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chrlzs
2011-May-16, 10:06 AM
I was a bit surprised to hear a comment on a thread that you couldn't read by moonlight... Puzzled, I then googled a little, and according to NASA (http://science.nasa.gov/science-news/science-at-nasa/2006/28sep_strangemoonlight/), most people can't. However, I find it very easy - am I one of those endowed with extra cones/rods, or is it my ... superpower? :D

To prove it in an interesting way (well, to myself, anyway), I just went out beneath the current 98% full moon, took about 3 minutes to allow my eyes to begin night adapting (ie *not* looking at the Moon!), and could then *very* easily read a moon-only-illuminated newspaper at all text sizes. The newspaper I was reading had the headlines "All US Goes Wild - Apollo Splash Splurge", and is dated 23 July 1969, from Melbourne Australia. (Yes, it's a treasured possession!)

So - am I that unusual? Who else on Baut can easily read by moonlight?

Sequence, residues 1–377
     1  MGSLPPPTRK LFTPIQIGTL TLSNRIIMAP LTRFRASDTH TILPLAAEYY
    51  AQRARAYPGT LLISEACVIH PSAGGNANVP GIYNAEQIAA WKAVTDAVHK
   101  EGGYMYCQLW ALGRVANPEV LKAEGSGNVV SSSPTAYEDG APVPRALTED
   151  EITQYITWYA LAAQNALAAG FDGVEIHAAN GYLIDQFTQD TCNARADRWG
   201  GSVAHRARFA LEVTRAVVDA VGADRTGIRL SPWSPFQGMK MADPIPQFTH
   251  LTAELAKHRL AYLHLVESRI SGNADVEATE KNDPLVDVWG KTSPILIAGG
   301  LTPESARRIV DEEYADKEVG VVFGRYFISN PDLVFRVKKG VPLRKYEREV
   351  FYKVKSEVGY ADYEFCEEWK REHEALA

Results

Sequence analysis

PS - I'm trying out the poll system - forgive me if this doesn't work... and if this isn't on topic enough, feel fee to move it to OTB, mods.

Perikles
2011-May-16, 10:22 AM
I read once about a German scholar, whose name and date I forget, who was known to study by moonlight because he was so poor he couldn't afford candles, and eventually went blind. Google doesn't help here - what an annoying name for a sonata.

I did find references to map-reading by moonlight during WWII

galacsi
2011-May-16, 10:24 AM
I lied , it was true 30 years ago !

Ronald Brak
2011-May-16, 10:47 AM
I have tried it and the answer is, "Not really."

astromark
2011-May-16, 10:59 AM